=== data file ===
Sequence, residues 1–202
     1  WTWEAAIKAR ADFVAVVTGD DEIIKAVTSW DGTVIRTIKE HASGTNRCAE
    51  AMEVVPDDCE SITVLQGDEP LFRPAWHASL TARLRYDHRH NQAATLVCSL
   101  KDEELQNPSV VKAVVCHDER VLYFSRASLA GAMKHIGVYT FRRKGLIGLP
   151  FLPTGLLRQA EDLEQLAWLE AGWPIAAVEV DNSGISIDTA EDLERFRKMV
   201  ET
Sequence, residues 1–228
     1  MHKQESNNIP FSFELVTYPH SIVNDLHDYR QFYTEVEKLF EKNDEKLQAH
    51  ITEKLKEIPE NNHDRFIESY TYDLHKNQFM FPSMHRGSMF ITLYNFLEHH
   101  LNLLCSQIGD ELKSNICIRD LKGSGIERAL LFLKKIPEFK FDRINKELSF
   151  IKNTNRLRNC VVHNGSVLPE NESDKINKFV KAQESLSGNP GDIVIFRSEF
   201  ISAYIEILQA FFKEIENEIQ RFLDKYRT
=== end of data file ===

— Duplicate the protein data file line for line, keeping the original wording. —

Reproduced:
Sequence, residues 1–202
     1  WTWEAAIKAR ADFVAVVTGD DEIIKAVTSW DGTVIRTIKE HASGTNRCAE
    51  AMEVVPDDCE SITVLQGDEP LFRPAWHASL TARLRYDHRH NQAATLVCSL
   101  KDEELQNPSV VKAVVCHDER VLYFSRASLA GAMKHIGVYT FRRKGLIGLP
   151  FLPTGLLRQA EDLEQLAWLE AGWPIAAVEV DNSGISIDTA EDLERFRKMV
   201  ET
Sequence, residues 1–228
     1  MHKQESNNIP FSFELVTYPH SIVNDLHDYR QFYTEVEKLF EKNDEKLQAH
    51  ITEKLKEIPE NNHDRFIESY TYDLHKNQFM FPSMHRGSMF ITLYNFLEHH
   101  LNLLCSQIGD ELKSNICIRD LKGSGIERAL LFLKKIPEFK FDRINKELSF
   151  IKNTNRLRNC VVHNGSVLPE NESDKINKFV KAQESLSGNP GDIVIFRSEF
   201  ISAYIEILQA FFKEIENEIQ RFLDKYRT